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DENVER — Four months after Diana Sanchez was forced to give birth in her jail cell, the Denver Sheriff Department has concluded none of its deputies did anything wrong.

FOX31 first broke the story in August after learning the 26-year-old mom was forced give birth in her jail cell to a baby boy, despite her pleas for medical attention.

Diana Sanchez gave birth on July 31 with no anesthetics or serious medical treatment until after her son was born.

“The pain is indescribable and what hurts me more though is that fact that nobody cared,” Sanchez told FOX31 a few weeks after the incident.

Internal records obtained by FOX31 show Sanchez wasn’t taken to a hospital even though jail video shows her water broke one hour before she  gave birth.

In a statement to FOX31, the Denver Sheriff Department said:

“The Department recognizes the importance of inmate wellness and providing the appropriate health care services to every individual in our care. In this case, the investigation determined that the Deputy Sheriffs took the appropriate actions under the circumstances and followed the relevant policies and procedures; therefore, no discipline will be issued.”

Diana Sanchez
Diana Sanchez

Sanchez’s attorney, Mari Newman, told the Problem Solvers she’s not surprised the Sheriff’s Department vindicated the behavior of its own employees but said the city of Denver can still expect legal action.

“When a jail provides no medical care whatsoever to a woman who is giving birth in her cell, something is seriously wrong.  To state the obvious, childbirth is not something that comes on without warning, and any layperson can recognize the need for medical care when a woman is in labor. Our client was in labor for hours, all alone in a dirty cell, begging for medical help which never came. Denver is morally and legally responsible for the medical needs of the people it jails, even if it decides to bring in outside nurses. An inmate’s right to adequate medical care is Denver’s fundamental constitutional obligation. We are appalled, but not surprised, that Denver found no wrongdoing by its staff,” Mari Newman said.

It’s still possible nurses at the jail could face discipline since they are employed by Denver Health who is contracted by the Denver Sheriff to provide medical services.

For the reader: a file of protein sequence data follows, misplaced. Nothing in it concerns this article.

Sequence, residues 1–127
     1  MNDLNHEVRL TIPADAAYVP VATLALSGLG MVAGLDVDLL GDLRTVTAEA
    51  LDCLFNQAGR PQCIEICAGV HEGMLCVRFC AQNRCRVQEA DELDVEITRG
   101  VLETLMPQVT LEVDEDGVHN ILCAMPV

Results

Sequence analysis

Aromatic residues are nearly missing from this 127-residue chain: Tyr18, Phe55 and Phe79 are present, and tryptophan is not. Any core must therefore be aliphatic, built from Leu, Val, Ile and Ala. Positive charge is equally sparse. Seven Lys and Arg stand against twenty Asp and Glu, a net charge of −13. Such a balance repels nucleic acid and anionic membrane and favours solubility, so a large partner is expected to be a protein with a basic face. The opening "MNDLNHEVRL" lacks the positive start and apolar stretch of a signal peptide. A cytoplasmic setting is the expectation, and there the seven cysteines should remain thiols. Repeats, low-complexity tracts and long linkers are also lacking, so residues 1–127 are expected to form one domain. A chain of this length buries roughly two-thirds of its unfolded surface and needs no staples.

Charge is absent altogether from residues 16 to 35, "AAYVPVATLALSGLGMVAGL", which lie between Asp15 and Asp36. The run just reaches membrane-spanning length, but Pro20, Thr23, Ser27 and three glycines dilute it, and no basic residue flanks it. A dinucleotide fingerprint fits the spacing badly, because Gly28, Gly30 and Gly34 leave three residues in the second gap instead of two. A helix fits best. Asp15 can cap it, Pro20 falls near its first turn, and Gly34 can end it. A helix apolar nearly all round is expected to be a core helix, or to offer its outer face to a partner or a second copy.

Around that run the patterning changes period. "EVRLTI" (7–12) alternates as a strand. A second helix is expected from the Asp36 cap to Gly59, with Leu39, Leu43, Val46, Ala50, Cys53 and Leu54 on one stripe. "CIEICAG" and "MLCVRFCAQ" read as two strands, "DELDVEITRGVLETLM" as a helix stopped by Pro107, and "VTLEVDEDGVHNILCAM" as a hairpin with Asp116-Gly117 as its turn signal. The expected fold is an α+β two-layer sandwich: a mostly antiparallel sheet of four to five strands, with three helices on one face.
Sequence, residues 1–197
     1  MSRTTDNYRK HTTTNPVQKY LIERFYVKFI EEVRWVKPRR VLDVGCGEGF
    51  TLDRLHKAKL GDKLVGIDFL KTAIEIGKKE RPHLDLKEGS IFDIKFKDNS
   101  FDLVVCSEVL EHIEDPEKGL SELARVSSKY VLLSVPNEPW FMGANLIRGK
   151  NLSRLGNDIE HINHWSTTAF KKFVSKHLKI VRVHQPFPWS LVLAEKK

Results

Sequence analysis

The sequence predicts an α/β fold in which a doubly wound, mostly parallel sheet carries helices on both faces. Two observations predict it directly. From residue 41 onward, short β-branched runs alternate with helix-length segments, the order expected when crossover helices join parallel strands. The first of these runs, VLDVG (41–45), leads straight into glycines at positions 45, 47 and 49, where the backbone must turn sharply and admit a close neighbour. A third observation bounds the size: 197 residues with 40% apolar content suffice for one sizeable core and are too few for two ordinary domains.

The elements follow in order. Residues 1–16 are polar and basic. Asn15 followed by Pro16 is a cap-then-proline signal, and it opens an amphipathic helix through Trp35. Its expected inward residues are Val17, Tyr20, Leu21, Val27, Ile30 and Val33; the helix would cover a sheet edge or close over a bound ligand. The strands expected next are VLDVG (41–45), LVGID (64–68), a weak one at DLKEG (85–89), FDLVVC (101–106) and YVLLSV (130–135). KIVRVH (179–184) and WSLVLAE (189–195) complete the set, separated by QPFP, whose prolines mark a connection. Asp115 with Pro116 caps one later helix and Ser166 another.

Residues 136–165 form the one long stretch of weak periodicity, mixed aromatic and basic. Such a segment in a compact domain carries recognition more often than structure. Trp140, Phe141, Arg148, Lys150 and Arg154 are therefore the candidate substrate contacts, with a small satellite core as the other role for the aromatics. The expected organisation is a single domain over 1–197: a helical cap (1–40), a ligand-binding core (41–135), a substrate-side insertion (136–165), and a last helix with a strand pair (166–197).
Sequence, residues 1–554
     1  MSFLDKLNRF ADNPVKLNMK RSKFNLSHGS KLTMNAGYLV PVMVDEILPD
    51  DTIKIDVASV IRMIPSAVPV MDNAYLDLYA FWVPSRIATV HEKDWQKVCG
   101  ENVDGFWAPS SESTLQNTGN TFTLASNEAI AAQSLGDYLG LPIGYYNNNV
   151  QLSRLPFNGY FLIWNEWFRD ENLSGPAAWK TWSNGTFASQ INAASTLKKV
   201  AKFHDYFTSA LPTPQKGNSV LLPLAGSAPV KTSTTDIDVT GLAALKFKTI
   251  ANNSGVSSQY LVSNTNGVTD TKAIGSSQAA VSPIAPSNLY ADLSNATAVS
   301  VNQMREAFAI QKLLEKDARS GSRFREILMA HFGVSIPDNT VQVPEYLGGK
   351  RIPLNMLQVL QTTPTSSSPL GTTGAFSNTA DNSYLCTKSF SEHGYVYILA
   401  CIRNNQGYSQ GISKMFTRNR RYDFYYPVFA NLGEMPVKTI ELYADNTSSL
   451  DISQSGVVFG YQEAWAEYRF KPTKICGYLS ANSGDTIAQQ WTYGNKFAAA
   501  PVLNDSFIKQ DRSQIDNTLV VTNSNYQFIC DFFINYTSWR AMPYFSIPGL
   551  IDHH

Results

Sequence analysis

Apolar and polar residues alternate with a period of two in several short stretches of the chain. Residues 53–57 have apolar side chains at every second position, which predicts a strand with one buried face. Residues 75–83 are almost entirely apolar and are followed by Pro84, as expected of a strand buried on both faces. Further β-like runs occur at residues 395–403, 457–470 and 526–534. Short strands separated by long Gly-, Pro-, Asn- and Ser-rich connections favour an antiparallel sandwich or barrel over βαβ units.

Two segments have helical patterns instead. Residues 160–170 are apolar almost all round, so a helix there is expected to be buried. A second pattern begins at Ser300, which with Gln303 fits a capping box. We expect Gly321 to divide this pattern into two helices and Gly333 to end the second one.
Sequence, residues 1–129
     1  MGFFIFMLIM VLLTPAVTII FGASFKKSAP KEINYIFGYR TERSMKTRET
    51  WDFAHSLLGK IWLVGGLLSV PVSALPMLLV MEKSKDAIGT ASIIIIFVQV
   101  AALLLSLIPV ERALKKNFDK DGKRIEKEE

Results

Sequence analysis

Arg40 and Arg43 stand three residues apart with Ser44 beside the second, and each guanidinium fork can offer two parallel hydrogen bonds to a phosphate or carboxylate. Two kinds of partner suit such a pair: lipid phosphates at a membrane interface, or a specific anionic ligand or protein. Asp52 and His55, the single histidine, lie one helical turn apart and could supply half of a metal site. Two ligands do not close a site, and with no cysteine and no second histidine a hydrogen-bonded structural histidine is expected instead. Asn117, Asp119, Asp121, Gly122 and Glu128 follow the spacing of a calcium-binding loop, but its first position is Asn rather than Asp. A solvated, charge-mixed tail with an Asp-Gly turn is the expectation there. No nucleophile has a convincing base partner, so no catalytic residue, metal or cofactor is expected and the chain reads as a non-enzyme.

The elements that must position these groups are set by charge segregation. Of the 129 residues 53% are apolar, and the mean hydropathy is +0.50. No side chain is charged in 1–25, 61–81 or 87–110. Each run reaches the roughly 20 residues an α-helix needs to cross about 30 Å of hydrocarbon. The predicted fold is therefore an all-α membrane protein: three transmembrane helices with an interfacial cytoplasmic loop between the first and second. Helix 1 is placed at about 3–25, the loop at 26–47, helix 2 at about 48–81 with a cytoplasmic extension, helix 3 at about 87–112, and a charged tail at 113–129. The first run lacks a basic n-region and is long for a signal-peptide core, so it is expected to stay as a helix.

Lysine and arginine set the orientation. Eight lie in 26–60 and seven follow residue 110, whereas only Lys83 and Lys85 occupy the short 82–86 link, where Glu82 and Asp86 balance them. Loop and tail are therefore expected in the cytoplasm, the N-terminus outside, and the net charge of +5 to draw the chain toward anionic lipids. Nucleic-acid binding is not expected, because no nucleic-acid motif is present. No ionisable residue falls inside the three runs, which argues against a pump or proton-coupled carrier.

FOX31 asked Denver Health if it has completed its investigation into the conduct of its nurses on duty that day but has yet to receive a response.

The Denver Sheriff Department said the 26-year-old mom had been in custody since July 14 for charges related to identity theft.

Sanchez said she repeatedly told deputies she was in labor but couldn’t get anyone to take her seriously, let alone call an ambulance to get her to a hospital.

“It’s very upsetting because now when my son grows up I’m going to have to tell him (how he was born) and it’s embarrassing,” said Sanchez. “I just feel so disappointed, so let down.”

The Department of Public Safety denied a public records request to release jail video that Sanchez said would show how she was ignored for hours after she felt contractions about 5 a.m. on July 31.

Internal documents written by deputies show multiple deputies appear to pin the blame on nurses, who are employees of Denver Health stationed at the Denver County Jail on Smith Road.

Just hours after the birth of Jordan Sanchez-Meraz, one deputy wrote that at 9:43 a.m., “Sanchez said her water broke and that she was yelling and she’s in excruciating pain.”

But when the deputy told a nurse, she “Did not seem alarmed and stated, ‘Isn’t she already going (to the hospital) out?”

In the staff report, the deputy responded that Sanchez was only scheduled to go by “Scout Van and that’s after book ins are completed by the Corridor Officers.”

The nurse reportedly replied, “Okay” but didn’t call for an ambulance.

Reporter Rob Low and Diana Sanchez
Reporter Rob Low and Diana Sanchez

“I was screaming, ‘Can you please get the nurse? I`m in a lot of pain’,” Sanchez remembers saying. “Then I told her, ‘Look, my water broke, my water broke.'”Sanchez’s baby was born at 10:44 a.m., an hour after her water broke.

One deputy wrote that Sanchez screamed, “The baby is coming,” and then could be seen “Holding her baby with one hand, and it appeared the baby’s feet and ankles were just then becoming visible.”

At 10:45 a.m. a nurse called an ambulance, but the report indicates nurses didn’t seem to know where to find a large clamp for the umbilical cord and had to call the Denver Fire Department to assist because paramedics were taking too long to arrive.

“They put my son’s life at risk. Like at least him, he deserves a chance, you know,” said Sanchez. “When I got at the hospital (doctors) said I could have bled to death.”

Attorney Mari Newman said the city of Denver is liable for the conduct of any medical providers it contracts with, hinting she is likely to file a lawsuit against the city for what happened to Sanchez.